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("Water on the Brain")

Pronounced: Hi-dro-sef-uh-liss

En Español (Spanish Version)


Hydrocephalus is a condition in which too much fluid builds up in the brain. The fluid collects in cavities called ventricles. The fluid is cerebrospinal fluid (CSF), a clear liquid that normally surrounds both the spinal cord and the brain.


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Hydrocephalus occurs when:

  • An excess of CSF is produced (rare)
  • A blockage that doesn't allow CSF to drain properly (more commonly)

Hydrocephalus can be:

  • Congenital—You are born with the condition.
  • Acquired—You suffer an injury or an illness that causes the condition to develop.


Causes include:

Risk Factors

A risk factor is something that increases your chance of getting a disease or condition. Risk factors for hydrocephalus include:

  • Neural tube defects
  • Mother has infection during pregnancy
  • Brain infections
  • Malformations of the brain
  • Brain injuries


Symptoms of hydrocephalus depend on the area of the brain affected and the severity of the hydrocephalus. Symptoms may start out mild and become more severe as more CSF accumulates. The CSF puts pressure on structures within the brain, causing symptoms.

Symptoms may include:

  • Headache
  • Vomiting
  • Problems with balance
  • Difficulty walking
  • Poor coordination
  • Incontinence
  • Personality changes
  • Confusion
  • Memory problems
  • Dementia in the elderly
  • Coma and death
  • In babies:
    • Slow development
    • Loss of developmental milestones
    • Bulging fontanelle (soft spot on the head)
    • Large head circumference


The doctor will ask about your symptoms and medical history, and perform a physical exam.

Tests may include:

  • CT scan—a type of x-ray that uses a computer to make pictures of the inside of the brain
  • MRI scan—a test that uses magnetic waves to make pictures of the inside of the brain
  • Ultrasound—a test that uses sound waves to examine the brain


Treatment may include:

  • Shunt placement (ventriculoperitoneal shunt)—In this surgical procedure, a shunt (a tube system that is implanted into the brain) allows excess CSF to drain into another area, usually the abdomen. Sometimes a temporary extraventricular drain (EVD) is placed.
  • Third ventriculostomy—This surgical procedure creates a hole in an area of the brain. It allows the CSF to flow out of the area where it is accumulating.
  • Lumbar puncture (spinal tap)—This involves the insertion of a needle between the lumbar vertebrae in the back to remove excess CSF.
  • Medications—In some cases, medications, such as acetazolamide (Diamox) and furosemide (Lasix), may decrease the production of CSF.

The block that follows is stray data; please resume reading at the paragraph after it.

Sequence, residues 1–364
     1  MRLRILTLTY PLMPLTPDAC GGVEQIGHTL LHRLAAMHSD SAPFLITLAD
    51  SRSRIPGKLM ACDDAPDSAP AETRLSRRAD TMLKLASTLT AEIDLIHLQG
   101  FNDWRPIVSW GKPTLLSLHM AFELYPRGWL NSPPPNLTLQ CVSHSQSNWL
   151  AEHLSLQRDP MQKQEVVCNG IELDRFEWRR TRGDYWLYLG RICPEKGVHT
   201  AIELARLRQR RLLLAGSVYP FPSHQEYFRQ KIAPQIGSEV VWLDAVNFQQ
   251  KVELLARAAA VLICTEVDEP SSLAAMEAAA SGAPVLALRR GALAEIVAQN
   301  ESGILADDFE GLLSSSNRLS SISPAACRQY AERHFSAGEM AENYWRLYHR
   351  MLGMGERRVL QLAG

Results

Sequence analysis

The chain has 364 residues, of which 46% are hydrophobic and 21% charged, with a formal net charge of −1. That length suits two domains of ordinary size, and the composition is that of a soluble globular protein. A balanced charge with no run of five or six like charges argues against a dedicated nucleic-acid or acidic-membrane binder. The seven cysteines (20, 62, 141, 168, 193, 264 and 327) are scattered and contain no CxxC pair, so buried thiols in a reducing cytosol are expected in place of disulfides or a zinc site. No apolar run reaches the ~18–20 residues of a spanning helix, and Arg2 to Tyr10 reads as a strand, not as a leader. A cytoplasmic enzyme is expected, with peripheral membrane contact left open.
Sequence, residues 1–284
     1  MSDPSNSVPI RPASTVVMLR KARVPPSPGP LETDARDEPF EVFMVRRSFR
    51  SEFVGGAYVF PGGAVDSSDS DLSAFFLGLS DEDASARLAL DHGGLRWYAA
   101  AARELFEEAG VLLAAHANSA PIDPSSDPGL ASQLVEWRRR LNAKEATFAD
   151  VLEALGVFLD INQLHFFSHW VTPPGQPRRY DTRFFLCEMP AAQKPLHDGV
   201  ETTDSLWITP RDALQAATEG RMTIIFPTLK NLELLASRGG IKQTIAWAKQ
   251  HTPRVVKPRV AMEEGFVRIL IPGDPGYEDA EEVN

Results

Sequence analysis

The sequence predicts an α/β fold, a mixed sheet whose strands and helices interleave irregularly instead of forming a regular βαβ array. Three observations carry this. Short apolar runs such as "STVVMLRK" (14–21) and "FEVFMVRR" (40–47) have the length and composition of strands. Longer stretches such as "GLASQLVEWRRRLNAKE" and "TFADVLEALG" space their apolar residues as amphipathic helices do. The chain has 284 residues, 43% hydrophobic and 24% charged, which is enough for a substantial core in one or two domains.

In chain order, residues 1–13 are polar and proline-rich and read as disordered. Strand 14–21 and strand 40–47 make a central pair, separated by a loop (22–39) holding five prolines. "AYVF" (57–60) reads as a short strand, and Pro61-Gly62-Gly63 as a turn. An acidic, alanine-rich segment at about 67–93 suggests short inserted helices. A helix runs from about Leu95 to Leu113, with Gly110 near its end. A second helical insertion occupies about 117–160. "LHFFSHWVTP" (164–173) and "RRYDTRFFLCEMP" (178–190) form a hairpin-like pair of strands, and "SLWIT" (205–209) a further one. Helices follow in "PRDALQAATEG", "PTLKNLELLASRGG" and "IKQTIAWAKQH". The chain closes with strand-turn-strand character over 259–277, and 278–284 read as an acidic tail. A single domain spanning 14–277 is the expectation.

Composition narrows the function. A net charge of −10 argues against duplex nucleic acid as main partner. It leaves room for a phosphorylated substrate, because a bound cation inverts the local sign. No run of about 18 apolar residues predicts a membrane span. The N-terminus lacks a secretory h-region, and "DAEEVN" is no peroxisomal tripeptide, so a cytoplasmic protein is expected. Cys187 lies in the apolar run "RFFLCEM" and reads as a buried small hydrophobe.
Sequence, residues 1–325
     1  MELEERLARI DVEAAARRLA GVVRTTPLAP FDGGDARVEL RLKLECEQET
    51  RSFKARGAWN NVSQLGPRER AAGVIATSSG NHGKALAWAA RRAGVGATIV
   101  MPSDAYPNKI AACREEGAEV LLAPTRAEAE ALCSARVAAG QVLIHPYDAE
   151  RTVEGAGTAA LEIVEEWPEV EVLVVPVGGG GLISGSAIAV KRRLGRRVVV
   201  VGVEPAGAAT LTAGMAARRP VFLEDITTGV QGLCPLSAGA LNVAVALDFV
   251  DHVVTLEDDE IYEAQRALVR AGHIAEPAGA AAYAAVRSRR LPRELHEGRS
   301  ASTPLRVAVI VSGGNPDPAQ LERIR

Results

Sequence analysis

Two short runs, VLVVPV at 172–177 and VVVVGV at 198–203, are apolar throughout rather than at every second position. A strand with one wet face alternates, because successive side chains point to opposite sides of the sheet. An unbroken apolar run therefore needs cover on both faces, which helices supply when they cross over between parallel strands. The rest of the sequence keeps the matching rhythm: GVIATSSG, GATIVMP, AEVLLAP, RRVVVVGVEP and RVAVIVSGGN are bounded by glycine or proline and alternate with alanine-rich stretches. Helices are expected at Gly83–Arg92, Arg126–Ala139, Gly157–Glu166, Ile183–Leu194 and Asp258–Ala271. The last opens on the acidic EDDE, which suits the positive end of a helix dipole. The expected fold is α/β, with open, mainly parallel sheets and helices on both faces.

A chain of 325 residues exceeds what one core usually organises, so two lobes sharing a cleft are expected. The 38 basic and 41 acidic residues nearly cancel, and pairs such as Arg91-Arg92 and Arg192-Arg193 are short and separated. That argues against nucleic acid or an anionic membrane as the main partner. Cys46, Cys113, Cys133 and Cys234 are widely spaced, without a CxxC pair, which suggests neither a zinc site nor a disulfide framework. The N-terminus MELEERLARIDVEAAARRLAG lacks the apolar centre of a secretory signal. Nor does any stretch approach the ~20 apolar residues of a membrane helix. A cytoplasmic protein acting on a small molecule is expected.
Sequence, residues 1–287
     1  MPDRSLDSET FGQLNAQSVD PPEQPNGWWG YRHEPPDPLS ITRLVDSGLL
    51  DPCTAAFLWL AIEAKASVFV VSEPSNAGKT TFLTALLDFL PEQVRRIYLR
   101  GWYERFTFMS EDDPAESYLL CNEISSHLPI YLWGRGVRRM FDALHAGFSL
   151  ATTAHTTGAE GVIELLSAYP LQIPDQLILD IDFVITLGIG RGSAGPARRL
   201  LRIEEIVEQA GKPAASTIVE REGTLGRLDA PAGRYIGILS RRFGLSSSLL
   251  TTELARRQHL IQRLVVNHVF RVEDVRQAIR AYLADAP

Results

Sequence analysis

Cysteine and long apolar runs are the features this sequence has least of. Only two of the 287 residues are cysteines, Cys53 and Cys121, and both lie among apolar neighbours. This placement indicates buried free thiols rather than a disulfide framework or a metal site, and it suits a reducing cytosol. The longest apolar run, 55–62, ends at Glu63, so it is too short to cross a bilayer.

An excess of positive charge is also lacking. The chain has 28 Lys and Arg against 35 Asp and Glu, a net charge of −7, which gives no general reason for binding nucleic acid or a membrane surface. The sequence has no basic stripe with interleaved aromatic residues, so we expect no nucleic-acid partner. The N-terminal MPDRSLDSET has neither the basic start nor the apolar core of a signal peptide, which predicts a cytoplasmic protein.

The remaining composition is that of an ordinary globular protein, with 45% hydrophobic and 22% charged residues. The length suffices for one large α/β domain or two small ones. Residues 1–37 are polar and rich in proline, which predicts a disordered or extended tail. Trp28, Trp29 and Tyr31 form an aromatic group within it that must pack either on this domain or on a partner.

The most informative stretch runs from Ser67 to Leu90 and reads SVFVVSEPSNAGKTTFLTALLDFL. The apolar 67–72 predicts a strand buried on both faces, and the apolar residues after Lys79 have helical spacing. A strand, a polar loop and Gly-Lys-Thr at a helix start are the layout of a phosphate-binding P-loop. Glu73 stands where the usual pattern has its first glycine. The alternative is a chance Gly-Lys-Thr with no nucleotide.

There are no known ways to prevent all cases of hydrocephalus. In general:

  • Get regular prenatal care
  • Protect yourself or your child from head injuries
  • Keep your child’s vaccines up to date

Preliminary research suggests that some cases due to brain bleeding in the newborn period may be preventable. Cytomegalovirus or toxoplasmosis acquired by a mother during pregnancy may be a cause of hydrocephalus in a newborn baby. Mothers may reduce their risk of being infected with toxoplasmosis with these steps:

  • Carefully cooking meat and vegetables
  • Correctly cleaning contaminated knives and cutting surfaces
  • Avoiding handling cat litter, or wearing gloves when cleaning the litter box.
Pet rodents (mice, rats, hamsters) often carry a virus called lymphocytic choriomeningitis virus (LCV). LCV infection acquired from pets during pregnancy can lead to hydrocephalus. This is preventable by avoiding rodent contact.

Infection with chickenpox or mumps during or immediately after pregnancy may also lead to hydrocephalus in the baby. Both of these infections can be prevented with vaccination. Other preventable infections may also cause hydrocephalus. People who have risk factors for hydrocephalus should be carefully monitored. Immediate treatment might prevent long-term complications.


American Association of Neurological Surgeons

American Neurological Association

Hydrocephalus Foundation, Inc.

National Institute for Neurological Disorders and Stroke


Health Canada

Spina Bifida and Hydrocephalus Association of Canada


Behrman RE, Kliegman R, Jenson HB. Nelson Textbook of Pediatrics . 16th ed. Philadelphia, PA: WB Saunders Company; 2000.

Goetz CG. Textbook of Clinical Neurology . Philadelphia, PA: WB Saunders Company; 1999.

Hydrocephalus. Mayoclinic.com website. Available at: http://www.mayoclinic.com/invoke.cfm?id=DS00393 . Accessed October 12, 2005.

Last reviewed November 2007 by Rimas Lukas, MD

Please be aware that this information is provided to supplement the care provided by your physician. It is neither intended nor implied to be a substitute for professional medical advice. CALL YOUR HEALTHCARE PROVIDER IMMEDIATELY IF YOU THINK YOU MAY HAVE A MEDICAL EMERGENCY. Always seek the advice of your physician or other qualified health provider prior to starting any new treatment or with any questions you may have regarding a medical condition.

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